Researcher of the Month – September 2021, Laura Wallace

Laura Wallace is a feminist researcher undertaking a PhD in the school of Philosophy, Religion and History of Science at the University of Leeds, funded by the White Rose College of the Arts and Humanities (WRoCAH). Originally from Dublin, Ireland, her research interests are in Irish studies of Catholicism, sex work, gender, sexuality, and nationalism.

Tell us a little about your ‘research journey’ – how did you get to where you are right now?

My research journey began when I undertook a BA in Theology and Religious Studies at the University of Leeds, where I found myself focusing heavily on the field of Irish studies, gender and sexuality. I continued on to do an MA in Religion and Public Life where I began making broad connections between religious studies, sex work and the wider sex industry. I explored these by conducting a small-scale study on religious language and sex work in Higher Education, followed by a dissertation that focused on religiosity within an organisation in Dublin that worked with persons in the sex industry. After my MA I immediately applied for a PhD position at Leeds and was awarded a studentship from WRoCAH. Having the enthusiastic support of WRoCAH, and my supervisors Dr Caroline Starkey and Professor Adriaan van Klinken, has been a tremendous privilege on my research journey so far. This, alongside friendships and personal activism, has led me to my current research examining the role of Catholic faith-based organisations, social change, and the Irish sex industry.

Who, or what, sparked your interest to work on your particular research area?

The core of my research interest is autobiographical. Studying later in life as an Irish immigrant, who was coming to terms with my own sexual identity and the cultural norms I had been exposed to in Ireland, led me to think critically about religion in Ireland. In the third year of my undergraduate degree, I found Professor Tom Inglis’ work on the Catholic Church and Irish sexuality and, from there, I was fully committed to delving more into Irish studies. Since then, I’ve watched the fields of Queer Studies and Irish Studies of sexuality grow tremendously but have often found myself wondering how Ireland’s once dominant religious landscape fits into contemporary Ireland. With this in mind, my work aims to be attentive to the past in order to reflect on where we are now, and where we could be. This is important to my research because to know how things started, be that religiously or something else, implies there could have been another way.

What are you currently, or about to start, working on?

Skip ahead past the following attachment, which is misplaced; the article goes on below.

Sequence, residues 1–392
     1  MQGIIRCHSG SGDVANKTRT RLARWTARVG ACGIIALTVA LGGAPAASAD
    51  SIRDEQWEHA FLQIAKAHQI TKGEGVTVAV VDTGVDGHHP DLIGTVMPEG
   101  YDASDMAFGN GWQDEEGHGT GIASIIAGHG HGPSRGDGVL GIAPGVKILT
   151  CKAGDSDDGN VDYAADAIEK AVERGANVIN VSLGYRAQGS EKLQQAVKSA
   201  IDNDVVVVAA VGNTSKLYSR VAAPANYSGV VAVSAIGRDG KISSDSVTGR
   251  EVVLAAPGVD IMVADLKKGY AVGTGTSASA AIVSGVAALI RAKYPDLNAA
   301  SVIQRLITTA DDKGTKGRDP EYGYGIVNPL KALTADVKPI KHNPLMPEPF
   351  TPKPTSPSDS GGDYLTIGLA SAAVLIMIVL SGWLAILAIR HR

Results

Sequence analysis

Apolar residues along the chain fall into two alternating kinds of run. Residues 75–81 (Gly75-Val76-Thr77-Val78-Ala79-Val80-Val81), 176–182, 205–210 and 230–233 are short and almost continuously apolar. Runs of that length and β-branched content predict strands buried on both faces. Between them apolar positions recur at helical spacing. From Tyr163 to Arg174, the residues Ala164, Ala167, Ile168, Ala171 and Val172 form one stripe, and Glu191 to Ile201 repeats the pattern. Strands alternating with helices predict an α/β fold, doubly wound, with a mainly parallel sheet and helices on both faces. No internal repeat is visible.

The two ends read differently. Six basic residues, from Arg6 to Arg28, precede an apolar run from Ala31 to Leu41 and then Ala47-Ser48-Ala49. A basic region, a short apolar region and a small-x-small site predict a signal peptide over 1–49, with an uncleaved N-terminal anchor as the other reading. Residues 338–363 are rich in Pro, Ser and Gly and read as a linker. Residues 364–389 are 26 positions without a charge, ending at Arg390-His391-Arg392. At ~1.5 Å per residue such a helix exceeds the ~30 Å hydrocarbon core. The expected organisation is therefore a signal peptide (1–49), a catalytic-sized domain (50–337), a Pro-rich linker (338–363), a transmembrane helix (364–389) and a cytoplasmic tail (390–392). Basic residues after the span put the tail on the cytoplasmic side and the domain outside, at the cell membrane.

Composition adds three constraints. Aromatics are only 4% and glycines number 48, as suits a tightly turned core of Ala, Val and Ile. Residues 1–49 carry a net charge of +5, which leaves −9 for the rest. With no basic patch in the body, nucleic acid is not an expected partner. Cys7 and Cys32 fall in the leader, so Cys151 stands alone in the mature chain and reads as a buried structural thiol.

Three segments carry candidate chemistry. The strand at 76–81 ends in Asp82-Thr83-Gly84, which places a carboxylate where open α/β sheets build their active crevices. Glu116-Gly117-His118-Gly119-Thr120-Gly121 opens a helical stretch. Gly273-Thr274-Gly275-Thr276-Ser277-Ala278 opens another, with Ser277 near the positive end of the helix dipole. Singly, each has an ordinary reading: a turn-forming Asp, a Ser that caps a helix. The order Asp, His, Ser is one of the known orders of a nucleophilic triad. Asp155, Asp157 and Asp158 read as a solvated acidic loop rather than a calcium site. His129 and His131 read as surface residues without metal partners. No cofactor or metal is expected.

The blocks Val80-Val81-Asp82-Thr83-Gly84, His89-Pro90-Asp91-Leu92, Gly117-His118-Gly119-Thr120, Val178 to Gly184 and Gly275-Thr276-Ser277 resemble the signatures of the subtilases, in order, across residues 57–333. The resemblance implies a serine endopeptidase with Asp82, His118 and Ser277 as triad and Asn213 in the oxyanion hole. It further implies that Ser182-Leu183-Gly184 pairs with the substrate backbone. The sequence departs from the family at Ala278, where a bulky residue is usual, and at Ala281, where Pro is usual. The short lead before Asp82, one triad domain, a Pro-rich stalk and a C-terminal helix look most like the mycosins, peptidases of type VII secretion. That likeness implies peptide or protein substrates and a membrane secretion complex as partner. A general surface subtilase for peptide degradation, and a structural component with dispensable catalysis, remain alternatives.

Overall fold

I’ve just started my second year of my PhD which is sure to be full of data collection, interviewing, and ethnography in Ireland. I’ve recently completed my first interview which was a fantastic experience and has my mind buzzing with ideas about the direction of my current research. I’m also turning the first chapter of my PhD into a journal article. This work focuses on Mariology and devotion to the Virgin Mary in Ireland and its impact on sex work. In the article I explore the boundaries between religious discourses in public life, the secularisation narrative, whiteness, and the implications these hold for the sex industry in Ireland. The intersections between religious discourse, nationalism, and sexuality in Ireland form a basis of the subject area I have been researching throughout the first year of my PhD and have yielded some very rewarding work that I’m excited to share throughout the next two years.

In what way(s) do you feel your research examines the role of religion in public life and the relationship between the two?

Ireland has a long and complicated history with the Catholic Church, which has morally and institutionally shaped many areas of public life. My research examines (what are arguably) two private aspects of a specific group of people’s lives: belief and sex. These aspects are explored in relation to public life through an examination of faith-based organisations and the Irish sex industry. By rooting the research within themes of nationalism, secularization, and gender, my research teases out Catholic social teachings in order to understand their intersections in policy, activism and social change in relation to the sex industry in Ireland.